UK rail operator Lumo has published an interactive 360° virtual tour of its train carriages to support customers who may require additional support or wish to familiarise themselves with the carriage environment ahead of their travels.
The all-electric operator, which runs services on the country’s East Coast Main Line, said that the embedded information in the tour will allow better forward planning for its customers.
Managing director Martijn Gilbert said: “At Lumo, we want to ensure all our customers arrive at their destination as comfortable and relaxed as possible. By investing in this state-of-the-art technology, Lumo can ensure this goal is reached before the journey even begins.
“This service will allow new customers to become familiar with Lumo’s surroundings and provide assurance that their first Lumo journey will be as enjoyable as the next.”
The tour was created by UK company Ocean 3D using Matterport’s scanning technology and has been reviewed by an independent focus group during trials at Plymouth University, where 63% of participants said the tours were helpful and reassuring.
Ocean 3D director Chris Wood said: “We set up Ocean 3D with the purpose of enhancing building accessibility and inclusion for one and all. This extends beyond individuals with anxiety, catering to anyone who might need or require a pre-visit exploration of a new or unfamiliar location.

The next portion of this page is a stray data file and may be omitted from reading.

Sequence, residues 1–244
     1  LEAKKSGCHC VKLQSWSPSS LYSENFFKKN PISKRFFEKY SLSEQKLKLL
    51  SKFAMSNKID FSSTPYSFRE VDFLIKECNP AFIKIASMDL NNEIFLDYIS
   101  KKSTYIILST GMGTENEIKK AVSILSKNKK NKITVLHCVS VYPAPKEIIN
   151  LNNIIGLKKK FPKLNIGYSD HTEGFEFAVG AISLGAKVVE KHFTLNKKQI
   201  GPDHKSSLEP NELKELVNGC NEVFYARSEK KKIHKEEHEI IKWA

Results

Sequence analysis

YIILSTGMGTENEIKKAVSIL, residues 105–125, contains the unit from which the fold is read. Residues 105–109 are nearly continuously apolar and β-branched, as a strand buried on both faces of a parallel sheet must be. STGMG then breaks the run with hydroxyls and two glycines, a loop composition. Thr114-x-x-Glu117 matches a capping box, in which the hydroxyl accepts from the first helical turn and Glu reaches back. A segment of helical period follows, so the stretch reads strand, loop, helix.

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“With advanced technology, we developed a digital map for customers, providing intricate insights into Lumo’s single-class train carriages.”
Customers using the tour, which can be accessed online on smartphones, laptops and tablets, or using a virtual reality headset, are able to click on different information points to learn more about the areas of the carriage.
The use of virtual tours to assist passengers who may be uncertain about travel has gained popularity in recent years as rail operators and stations seek to be more inclusive and accommodating in their operations.
Lumo’s announcement also comes after the Office of Rail and Road called on the UK’s rail companies to do more for their disabled passengers in its annual consumer report, though it acknowledged high levels of satisfaction in accessing booked in-person assistance.